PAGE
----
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11 Signs You Were Born and Raised in Illinois

by Mandy Alexander Jan 26, 2015
1. You’ve been asked if you’re from Chicago or Illinois.

The most common line of them all: “Oh, you’re from Illinois? What part of Chicago are you from?” Well, for us downstate folks, this perception is about as accurate as 3 + 3 = 7. Believe it or not, there IS more to Illinois than Chicago. 80% of the state’s total land area is encompassed by farmland. Covering 28 million acres, more than 76,000 farms cover the state, pumping 9 billion dollars into the economy every year.

2. You’ve been to a barn crawl.

The American Cancer Society fundraising event is not only for a great cause, but it’s yet another great excuse to get your biggest and best drink on for the summer. Basically a redneck bar crawl, registration starts at the first barn of the night and attendees are safely transported from one barn to another via livestock trailers. At each barn you know there’ll be endless amounts of activities, drinking games, food, live music, and, of course, tanks full of beer.

3. Your family vacations mean Wisconsin Dells or Six Flags.

When you live in downstate Illinois, let’s be honest, options don’t run in abundance for family entertainment. Chances are, your family has visited one if not both these popular attractions. I’m sure you remember that first road trip to “The Waterpark Capital of the World.”

I’m also sure you remember the first time your heart skipped a beat while watching your kids freefall down the world’s tallest drop ride — Six Flags’ Drop of Doom. You’re also proud to be from Illinois when you’ve stood by the Metropolis 15-foot bronze statue of America’s Super Hero.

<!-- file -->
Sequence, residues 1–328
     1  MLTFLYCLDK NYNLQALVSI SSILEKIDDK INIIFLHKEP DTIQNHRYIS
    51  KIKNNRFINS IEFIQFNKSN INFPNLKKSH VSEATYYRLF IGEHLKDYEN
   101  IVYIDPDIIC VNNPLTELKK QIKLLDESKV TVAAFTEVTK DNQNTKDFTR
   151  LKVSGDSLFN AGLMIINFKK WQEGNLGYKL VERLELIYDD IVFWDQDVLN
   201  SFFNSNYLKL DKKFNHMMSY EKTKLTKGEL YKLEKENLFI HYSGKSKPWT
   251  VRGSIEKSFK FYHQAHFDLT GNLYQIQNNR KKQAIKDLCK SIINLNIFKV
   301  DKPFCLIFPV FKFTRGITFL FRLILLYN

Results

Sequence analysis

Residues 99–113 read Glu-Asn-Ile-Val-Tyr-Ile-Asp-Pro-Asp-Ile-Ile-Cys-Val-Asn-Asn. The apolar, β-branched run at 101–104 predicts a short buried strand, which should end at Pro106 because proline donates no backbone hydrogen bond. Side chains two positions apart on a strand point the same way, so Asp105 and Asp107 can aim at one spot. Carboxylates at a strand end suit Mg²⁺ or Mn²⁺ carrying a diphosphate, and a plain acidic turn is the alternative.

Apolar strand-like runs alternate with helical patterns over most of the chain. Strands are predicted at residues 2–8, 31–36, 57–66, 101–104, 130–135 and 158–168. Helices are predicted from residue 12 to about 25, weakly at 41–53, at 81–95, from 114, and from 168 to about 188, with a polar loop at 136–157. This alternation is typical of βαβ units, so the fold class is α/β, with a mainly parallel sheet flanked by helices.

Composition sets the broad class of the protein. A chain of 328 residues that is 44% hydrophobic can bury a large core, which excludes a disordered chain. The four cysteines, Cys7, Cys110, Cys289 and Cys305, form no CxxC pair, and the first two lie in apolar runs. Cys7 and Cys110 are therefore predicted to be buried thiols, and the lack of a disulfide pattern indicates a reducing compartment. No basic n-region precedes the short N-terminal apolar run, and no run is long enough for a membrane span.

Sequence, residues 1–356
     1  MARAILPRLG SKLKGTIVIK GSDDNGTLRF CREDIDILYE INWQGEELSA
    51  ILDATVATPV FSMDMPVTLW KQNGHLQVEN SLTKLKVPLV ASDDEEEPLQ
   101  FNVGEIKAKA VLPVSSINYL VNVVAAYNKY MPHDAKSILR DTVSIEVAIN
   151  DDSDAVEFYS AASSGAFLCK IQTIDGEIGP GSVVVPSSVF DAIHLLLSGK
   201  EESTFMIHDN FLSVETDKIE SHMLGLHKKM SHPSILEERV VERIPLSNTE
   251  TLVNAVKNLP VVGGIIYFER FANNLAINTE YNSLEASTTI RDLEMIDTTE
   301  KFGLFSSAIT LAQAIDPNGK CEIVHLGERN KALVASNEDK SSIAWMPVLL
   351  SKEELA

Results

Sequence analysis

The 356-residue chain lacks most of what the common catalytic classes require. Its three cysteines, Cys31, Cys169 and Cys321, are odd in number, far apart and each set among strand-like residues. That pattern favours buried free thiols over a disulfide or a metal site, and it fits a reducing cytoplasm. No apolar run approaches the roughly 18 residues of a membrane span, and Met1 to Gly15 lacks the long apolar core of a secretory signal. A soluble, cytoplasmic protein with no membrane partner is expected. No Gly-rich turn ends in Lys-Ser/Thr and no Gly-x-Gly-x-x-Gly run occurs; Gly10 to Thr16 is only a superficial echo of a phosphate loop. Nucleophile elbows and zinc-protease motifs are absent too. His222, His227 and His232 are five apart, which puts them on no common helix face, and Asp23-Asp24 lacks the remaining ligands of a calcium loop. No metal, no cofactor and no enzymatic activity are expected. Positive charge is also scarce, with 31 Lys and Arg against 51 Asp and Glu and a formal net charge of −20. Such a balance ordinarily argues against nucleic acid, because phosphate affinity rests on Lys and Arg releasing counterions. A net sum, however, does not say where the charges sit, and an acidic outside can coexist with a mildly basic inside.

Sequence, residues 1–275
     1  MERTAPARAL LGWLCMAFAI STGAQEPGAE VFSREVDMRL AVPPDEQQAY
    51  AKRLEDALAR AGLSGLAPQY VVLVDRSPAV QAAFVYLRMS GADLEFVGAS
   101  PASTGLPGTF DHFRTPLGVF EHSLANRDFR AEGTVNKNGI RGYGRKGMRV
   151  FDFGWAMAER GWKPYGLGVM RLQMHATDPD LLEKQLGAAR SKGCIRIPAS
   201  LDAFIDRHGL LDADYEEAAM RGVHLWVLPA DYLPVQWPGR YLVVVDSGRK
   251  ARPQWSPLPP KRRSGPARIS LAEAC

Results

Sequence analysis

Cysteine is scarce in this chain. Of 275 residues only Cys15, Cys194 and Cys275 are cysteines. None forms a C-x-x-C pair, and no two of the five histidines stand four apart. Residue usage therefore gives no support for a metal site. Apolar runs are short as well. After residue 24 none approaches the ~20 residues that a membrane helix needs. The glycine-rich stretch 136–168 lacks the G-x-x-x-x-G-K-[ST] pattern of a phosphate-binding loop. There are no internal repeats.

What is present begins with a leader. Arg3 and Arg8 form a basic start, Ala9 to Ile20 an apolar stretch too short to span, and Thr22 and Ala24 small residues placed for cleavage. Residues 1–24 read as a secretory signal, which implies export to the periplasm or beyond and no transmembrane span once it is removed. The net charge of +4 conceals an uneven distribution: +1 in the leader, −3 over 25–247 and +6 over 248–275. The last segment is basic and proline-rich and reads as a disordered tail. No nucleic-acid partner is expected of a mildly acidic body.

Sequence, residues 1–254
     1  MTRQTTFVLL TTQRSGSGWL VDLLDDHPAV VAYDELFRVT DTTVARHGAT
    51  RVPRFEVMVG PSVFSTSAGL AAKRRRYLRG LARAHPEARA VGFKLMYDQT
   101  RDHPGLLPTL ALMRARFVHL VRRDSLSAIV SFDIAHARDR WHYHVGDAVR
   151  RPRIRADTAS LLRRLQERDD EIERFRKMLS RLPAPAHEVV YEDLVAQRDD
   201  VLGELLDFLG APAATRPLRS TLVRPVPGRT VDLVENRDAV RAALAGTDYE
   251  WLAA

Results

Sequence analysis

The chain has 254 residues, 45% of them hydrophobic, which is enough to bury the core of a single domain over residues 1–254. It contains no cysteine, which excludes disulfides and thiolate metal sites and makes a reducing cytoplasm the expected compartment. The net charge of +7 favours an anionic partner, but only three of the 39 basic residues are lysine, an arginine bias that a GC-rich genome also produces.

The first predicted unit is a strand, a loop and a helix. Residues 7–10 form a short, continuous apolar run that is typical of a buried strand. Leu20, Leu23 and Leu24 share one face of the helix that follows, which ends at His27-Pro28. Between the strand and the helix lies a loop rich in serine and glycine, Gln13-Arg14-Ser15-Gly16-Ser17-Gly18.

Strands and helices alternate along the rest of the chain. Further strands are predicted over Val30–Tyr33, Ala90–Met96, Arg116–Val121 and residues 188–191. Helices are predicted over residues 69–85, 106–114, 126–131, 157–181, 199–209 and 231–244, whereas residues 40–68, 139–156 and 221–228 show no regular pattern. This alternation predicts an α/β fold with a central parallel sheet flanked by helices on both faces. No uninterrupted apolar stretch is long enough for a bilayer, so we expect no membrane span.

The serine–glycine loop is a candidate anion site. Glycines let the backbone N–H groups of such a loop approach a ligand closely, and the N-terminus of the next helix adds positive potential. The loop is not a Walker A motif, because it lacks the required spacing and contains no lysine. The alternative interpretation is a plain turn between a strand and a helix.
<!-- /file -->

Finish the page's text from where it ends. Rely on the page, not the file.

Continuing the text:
4. You get the ‘Farmer Wave’.

When passing through one small town to the next, you pay attention as you might be graciously welcomed by the ‘Farmer Wave’. This is where the right pointer finger comes up off the steering wheel — a polite gesture to welcome those passing by on the road. There are several other ways to be welcomed in a small town, such as pulling into Casey’s gas station or the local watering hole.

In small towns such as Roseville, you’re sure to meet a new friend at Homer’s House over a beer…or two…or three. Just tell them Mandy sent you. Hoopeston is a one-of-a-kind rural community so proud of their agricultural heritage that they decided to name their high school mascot Cornjerkers (the name for the harvesting process before modern machinery changed everything). Now that is what you call farming dedication.

Another small town not to bypass is Pittsfield, recently named one of the top 5 hunting towns in America. Grab a brew at Lindsay’s Tavern and then head across the street to Old Boys Pizza, where you’ll find central Illinois hospitality at its finest.

5. You’re used to traffic jams being created by tractors and combines.

We’ve all been late to work or stuck behind a 13’ tall, 15’ wide, 35,000 combine for miles, causing backups and frustration. For those of us who live around Illinois Route 116, US Route 34, or IL Route 1 — you know the feeling. You know he wants to avoid these highways during the harvest months of September and October. Look out, because this is the most stressful time of year for farmers — they only have a couple months to get their fields picked before the season ends or the next cold snap comes through. Imagine only having two months out of the whole year to rely on for your entire income.

6. You cringe at people who pronounce the ‘s’ in Illinois.

The word origin derives from the modern spelling for the early French Catholic missionaries and explorers’ name for the Illinois Native Americans. It had several different names prior to the 1670s — the French just couldn’t figure out which way they wanted to spell it, so here we are today still dealing with this common misconception in pronunciation.